Site Name: Leistikowstrasse KGB Prison
Sub Brit site visit 16th April 2006
Photo:1 Leistikowstrasse before it was taken over by the KGB in 1945
At the signing of the Potsdam Agreement, the administration of Germany
was divided between the main four Allied nations- a division which would
eventually become East and West Germany. Potsdam was in the Russian-controlled
part of Germany and thus effectively fell under control of the Stalin-era
Soviet Union immediately. Although Potsdam is in the East, it is very
close to the border with West Berlin and indeed not far from Checkpoint
Bravo. The nearby Glienicke Bridge connected West Berlin with Potsdam
and was used for spy exchanges, which also ties in with the prison's
Photo:Cells on the ground floor
Photo by Nick Catford
Prisoners were kept in very basic and unhygienic conditions. In the
early years some cells were literally bare, without a bed or even lavatory
buckets. Inmates were fed meagre rations of bread, soup and cabbage
or potato-based dishes. There were no washing facilities and no prisoners
were given access to medical care. Mostly they were kept in the cells
and had no exercise period, so weight loss and illnesses were very common.
Interrogations took place at night, and it was forbidden for prisoners
to sleep during the day. The lighting was kept on twenty-four hours
daily and was harsh and bright. Trials and interrogation were conducted
in Russian, with no translation or interpreter, so many people did not
know what they had been accused of. This made it impossible for most
to defend themselves.
Photo:1 Leistikowstrasse after conversion to a prison for the KGB. There was a security screen around the entrance to the building, the fence posts for this can be seen in the foreground.
Photo by Nick Catford
Some very basic facilities, such as buckets in cells, hard beds and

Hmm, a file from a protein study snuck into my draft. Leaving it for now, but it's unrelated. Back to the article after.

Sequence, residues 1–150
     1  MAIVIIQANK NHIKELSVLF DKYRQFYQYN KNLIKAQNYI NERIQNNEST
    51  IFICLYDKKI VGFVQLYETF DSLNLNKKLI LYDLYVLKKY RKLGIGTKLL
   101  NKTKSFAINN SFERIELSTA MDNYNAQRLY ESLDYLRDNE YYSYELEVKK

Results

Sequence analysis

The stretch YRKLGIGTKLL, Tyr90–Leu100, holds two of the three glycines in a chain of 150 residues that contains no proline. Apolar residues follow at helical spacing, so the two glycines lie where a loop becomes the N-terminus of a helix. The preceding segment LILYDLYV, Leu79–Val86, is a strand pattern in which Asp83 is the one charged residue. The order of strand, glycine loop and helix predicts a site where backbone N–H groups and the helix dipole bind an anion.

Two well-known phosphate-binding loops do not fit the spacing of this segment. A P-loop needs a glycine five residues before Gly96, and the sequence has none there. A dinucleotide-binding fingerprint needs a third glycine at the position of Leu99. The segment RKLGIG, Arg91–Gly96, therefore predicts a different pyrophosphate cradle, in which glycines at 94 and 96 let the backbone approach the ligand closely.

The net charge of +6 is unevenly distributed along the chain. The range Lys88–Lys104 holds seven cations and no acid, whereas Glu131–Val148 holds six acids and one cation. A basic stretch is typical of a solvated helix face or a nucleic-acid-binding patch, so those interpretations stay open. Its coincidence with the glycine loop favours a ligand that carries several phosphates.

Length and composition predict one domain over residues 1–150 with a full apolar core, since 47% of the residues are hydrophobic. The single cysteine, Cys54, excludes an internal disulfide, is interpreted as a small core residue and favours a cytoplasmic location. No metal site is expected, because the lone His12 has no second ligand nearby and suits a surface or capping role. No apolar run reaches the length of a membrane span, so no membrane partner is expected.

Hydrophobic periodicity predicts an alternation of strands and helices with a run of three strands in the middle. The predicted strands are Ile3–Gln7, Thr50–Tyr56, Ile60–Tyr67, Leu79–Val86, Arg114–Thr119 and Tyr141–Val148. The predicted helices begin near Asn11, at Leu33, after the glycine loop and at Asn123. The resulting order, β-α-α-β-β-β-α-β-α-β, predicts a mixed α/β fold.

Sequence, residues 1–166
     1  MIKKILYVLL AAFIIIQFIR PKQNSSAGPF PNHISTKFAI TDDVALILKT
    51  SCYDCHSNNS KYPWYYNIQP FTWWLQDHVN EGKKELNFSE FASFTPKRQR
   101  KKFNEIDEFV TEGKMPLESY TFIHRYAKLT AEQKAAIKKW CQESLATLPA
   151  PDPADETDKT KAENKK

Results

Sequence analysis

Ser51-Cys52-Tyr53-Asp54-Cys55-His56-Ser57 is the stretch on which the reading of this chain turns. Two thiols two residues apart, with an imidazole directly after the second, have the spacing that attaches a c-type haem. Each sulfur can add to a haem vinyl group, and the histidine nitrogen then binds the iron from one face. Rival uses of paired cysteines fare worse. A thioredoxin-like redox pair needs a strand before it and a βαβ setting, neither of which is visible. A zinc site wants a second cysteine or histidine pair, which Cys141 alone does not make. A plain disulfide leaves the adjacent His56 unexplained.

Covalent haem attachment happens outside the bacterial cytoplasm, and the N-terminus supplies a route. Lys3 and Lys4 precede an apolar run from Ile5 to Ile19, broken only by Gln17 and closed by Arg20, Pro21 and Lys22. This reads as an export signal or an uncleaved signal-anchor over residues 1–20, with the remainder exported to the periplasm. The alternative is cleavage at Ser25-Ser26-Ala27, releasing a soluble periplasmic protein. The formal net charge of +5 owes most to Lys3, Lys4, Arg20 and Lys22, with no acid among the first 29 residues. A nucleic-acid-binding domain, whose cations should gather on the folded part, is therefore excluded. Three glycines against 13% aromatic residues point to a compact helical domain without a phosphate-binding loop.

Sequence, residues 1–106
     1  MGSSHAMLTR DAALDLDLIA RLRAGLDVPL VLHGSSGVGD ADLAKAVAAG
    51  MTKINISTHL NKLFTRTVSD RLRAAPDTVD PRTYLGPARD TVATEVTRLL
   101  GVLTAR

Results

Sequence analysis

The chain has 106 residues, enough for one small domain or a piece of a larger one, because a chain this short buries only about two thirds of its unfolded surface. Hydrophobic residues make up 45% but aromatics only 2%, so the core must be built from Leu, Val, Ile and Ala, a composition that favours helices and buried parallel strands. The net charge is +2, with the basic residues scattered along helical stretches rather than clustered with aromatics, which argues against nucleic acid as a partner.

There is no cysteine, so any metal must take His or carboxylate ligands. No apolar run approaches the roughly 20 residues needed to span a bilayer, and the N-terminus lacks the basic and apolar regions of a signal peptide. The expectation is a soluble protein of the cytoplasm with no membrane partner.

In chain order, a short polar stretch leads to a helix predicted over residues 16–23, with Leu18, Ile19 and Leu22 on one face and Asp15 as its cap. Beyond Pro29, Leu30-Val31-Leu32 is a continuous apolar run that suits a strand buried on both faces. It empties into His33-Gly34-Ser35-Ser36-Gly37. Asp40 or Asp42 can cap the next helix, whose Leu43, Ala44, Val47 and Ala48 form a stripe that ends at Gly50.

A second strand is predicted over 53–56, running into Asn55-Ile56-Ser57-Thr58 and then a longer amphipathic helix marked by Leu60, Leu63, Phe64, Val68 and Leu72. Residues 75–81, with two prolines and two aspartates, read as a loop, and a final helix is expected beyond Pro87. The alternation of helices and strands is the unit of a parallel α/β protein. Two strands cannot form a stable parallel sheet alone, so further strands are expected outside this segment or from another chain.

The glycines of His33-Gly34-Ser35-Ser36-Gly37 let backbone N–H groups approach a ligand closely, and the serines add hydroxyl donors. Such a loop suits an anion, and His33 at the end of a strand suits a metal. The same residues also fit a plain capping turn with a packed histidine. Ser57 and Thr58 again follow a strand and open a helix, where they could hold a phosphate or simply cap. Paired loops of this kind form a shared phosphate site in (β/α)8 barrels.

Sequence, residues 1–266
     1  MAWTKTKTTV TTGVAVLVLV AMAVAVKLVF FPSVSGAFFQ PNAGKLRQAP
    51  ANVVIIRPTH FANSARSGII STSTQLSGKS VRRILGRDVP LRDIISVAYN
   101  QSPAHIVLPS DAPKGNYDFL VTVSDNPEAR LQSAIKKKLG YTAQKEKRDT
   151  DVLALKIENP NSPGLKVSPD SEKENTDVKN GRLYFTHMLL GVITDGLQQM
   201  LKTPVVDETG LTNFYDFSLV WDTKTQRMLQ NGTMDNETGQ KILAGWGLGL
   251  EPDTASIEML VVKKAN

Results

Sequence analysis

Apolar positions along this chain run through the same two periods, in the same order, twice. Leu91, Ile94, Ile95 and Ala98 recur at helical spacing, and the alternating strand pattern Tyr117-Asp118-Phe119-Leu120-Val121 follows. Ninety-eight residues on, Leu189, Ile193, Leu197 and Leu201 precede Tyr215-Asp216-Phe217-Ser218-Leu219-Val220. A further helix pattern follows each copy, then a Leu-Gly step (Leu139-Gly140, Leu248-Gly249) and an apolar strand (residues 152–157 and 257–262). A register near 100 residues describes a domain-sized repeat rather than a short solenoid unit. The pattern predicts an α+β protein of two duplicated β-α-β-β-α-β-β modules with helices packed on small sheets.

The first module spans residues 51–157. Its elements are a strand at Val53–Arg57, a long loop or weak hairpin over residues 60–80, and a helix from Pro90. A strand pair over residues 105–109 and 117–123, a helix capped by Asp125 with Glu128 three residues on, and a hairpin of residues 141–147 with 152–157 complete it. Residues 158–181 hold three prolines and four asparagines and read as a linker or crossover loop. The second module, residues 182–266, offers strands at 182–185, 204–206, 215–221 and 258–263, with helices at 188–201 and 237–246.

squat toilets, were installed in later years. The prison was also used
to temporarily hold those individuals who were being released to the
West in spy exchanges on the Gleniecke Bridge- the most famous such
inmate being Gary Powers, the pilot of the U2 spy plane shot down on
1 May 1960.
Click on a floor to enlarge
On one side of the main door is a former office now used for book sales and literature, and there are steps down to a spine corridor. Cells open off on both sides of this. The cells have heavy steel doors. The doors do not have spyholes, but there is a small hole in the outer wall of each cell. On the interior, these holes have had surrounding plaster chipped away to provide a surprisingly wide field of vision, a low-tech version of the fisheye lens. The three vertical strip lights on the cell walls are not original- the cells had overhead lighting. Each cell, which held up to ten people, is now used to house small exhibitions telling the stories of some of those who were held here and of the Gulag system itself.
For further information and pictures about 1 Leistikowstrasse click here here
Last updated 4th May 2006
© 2006 Subterranea Britannica